Transportation: The June 16 Council meeting included a presentation by Town staff and developer Roger Perry’s representative (Scott Murray) on 25% of the Town’s road plan for E-F. No over-all plan was apparent; all of it was piecemeal, including the E-F intersection, modification of the superstreet from Franklin St. across Fordham Blvd. to the E-F district, entrance changes to Ram’s Plaza, entrance changes to Eastgate from Fordham Blvd. (but only a short distance), and two sections of (private? --- paid for with public money???) road in Village Plaza to benefit Roger Perry’s proposed project at the old theater site. Another example of the piecemeal plan is that only a portion of the bikeway will be built along Elliott Rd., making it useless for bike riders.
Projects most likely to happen are:
a) Roger Perry’s ~$40+m mixed-use/residential project at the old movie theater site in Village Plaza
b) the DHIC affordable housing project if they get their funding from the State
c) a new CVS store in Ram’s Plaza near the corner of the E-F intersection
d) possible replacement of the Park Apts.(formerly called Colony Apts.)
Only a and b were discussed recently at a public meeting, and the CVS project was mentioned by Councilman Ed Harrison recently at a community picnic. Long term leases at Village Plaza and Rams Plaza preclude other major changes in those locations for a number of years.
What can we do now?
1. We can all pay attention! This is especially important with regard to the implementation of the stormwater and transportation parts of the E-F projects and what the Town Manager decides to do about them. We need to keep track of what projects will get paid for in what ways and by whom --- the public or the developers. Already there has been confusion over this point. At the June 16 Council meeting, the Town staff actually advocated public funding for an entrance road on private property into developer Roger Perry’s project, which was never before mentioned as a road to be subsidized by the taxpayers. (See this letter http://ourtownchapelhill.org/ephesus-fordham/letters-about-paying-for-roger-perrys-road/)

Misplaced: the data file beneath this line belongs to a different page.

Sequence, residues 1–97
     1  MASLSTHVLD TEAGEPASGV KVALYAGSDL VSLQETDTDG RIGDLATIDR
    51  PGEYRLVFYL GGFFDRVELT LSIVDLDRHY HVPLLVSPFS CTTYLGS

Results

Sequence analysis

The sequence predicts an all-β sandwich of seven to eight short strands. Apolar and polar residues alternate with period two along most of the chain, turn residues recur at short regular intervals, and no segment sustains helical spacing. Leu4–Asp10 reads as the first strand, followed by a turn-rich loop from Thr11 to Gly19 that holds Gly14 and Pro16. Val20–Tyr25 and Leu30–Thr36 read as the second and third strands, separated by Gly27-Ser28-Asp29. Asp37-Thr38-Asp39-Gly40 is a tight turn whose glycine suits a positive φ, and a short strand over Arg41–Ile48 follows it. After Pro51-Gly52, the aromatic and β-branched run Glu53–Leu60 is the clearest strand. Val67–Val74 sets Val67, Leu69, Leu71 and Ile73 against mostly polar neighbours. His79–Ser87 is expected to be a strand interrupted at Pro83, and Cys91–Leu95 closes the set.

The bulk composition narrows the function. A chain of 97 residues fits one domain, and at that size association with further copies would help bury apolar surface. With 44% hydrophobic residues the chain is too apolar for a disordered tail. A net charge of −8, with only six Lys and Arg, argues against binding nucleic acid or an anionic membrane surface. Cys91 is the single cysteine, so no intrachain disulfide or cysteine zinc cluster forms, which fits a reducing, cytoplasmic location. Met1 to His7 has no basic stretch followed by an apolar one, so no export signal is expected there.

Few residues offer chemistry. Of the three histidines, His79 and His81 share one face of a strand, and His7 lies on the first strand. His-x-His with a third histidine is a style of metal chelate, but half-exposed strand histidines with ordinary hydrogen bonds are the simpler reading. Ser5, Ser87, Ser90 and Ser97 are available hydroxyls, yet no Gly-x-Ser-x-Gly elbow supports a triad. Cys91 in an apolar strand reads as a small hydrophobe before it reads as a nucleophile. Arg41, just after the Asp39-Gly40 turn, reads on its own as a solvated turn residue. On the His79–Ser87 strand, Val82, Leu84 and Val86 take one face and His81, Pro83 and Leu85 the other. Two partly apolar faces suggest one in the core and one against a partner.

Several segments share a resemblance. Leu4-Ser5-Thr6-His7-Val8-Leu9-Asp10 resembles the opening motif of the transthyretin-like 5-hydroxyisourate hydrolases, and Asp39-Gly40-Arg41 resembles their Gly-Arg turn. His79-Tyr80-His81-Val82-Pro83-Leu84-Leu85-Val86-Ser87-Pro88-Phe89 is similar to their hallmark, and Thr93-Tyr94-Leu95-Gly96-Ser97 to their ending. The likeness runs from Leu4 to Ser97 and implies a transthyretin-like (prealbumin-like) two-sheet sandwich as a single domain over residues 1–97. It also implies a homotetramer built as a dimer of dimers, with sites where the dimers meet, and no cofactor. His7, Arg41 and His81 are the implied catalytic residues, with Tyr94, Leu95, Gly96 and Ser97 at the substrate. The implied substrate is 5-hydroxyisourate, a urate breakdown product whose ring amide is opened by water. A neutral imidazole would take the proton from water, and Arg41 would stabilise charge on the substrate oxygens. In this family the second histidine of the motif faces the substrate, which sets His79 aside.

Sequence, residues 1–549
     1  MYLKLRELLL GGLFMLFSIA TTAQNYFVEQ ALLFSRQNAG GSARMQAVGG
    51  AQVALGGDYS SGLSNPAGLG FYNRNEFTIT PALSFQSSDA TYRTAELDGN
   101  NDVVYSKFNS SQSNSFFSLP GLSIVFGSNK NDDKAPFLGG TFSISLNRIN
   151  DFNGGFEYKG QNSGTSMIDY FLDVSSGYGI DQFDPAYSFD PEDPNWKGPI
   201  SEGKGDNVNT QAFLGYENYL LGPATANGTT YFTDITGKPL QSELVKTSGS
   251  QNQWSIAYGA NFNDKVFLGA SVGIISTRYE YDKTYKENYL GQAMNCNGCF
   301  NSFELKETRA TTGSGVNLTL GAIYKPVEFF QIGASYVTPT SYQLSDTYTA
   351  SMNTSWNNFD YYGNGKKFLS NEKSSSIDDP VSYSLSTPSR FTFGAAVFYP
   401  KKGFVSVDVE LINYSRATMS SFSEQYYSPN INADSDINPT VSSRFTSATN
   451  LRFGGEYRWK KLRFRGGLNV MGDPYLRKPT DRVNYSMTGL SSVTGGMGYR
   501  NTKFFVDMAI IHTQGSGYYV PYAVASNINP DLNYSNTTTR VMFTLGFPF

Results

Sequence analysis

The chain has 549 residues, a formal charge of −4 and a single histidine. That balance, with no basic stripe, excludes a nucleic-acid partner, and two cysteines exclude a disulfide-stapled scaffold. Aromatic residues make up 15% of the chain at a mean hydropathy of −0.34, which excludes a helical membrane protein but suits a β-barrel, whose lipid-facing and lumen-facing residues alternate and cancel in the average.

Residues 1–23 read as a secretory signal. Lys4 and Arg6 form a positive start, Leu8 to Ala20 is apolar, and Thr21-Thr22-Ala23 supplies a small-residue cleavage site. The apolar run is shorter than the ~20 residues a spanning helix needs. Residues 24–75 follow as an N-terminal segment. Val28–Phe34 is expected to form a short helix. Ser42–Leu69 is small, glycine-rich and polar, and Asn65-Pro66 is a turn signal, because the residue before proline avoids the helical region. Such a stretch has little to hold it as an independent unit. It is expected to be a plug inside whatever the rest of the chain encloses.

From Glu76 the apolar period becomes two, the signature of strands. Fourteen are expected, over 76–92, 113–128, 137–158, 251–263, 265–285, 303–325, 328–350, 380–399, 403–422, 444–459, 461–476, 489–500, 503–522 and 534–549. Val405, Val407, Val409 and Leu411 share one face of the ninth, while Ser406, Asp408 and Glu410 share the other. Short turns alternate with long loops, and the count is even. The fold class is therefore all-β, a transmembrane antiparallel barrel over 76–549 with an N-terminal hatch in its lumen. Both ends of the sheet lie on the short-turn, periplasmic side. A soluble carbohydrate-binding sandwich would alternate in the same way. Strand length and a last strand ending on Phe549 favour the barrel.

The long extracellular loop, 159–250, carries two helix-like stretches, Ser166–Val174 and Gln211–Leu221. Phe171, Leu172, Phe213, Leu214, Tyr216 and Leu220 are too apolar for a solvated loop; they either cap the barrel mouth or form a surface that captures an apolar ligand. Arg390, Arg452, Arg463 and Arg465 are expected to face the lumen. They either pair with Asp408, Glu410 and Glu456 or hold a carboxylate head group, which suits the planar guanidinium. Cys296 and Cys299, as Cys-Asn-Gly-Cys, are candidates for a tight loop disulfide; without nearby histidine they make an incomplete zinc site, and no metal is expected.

2. Since neither a community vision nor the details for accomplishing it were incorporated into the FBC, it will be uncharted territory for the Town staff to try to negotiate and make decisions about in-coming projects. We will endeavor to keep you up to date on what is happening and communicate with you about the issues and their implications as they come along.
3. Although the public will no longer be consulted for public review of projects in the E-F area, the Manager will bring some issues to the Council. That is where there will be opportunities to comment to Council in public meetings, to write to the Mayor and Council and individual Council members, and to write letters to the Chapel Hill News. We are thrilled with the recent articulate and well-informed letters in the paper. Keep them coming! The Council needs to know that we are paying attention. We will continue to press this Council for open communication and accountability!
4. If you would like to join a listserv devoted to Chapel Hill issues, please contact Carson Stuart at CarStuart@gmail.com and he will send you an invitation. Citizens began the listserv during the Central West Small Area Plan process, and continued it through the E-F zoning debate. The listserv has 3 council members, some town staff, and some developers on it and is open to anyone. Carson is currently developing a list of rules for civil discourse.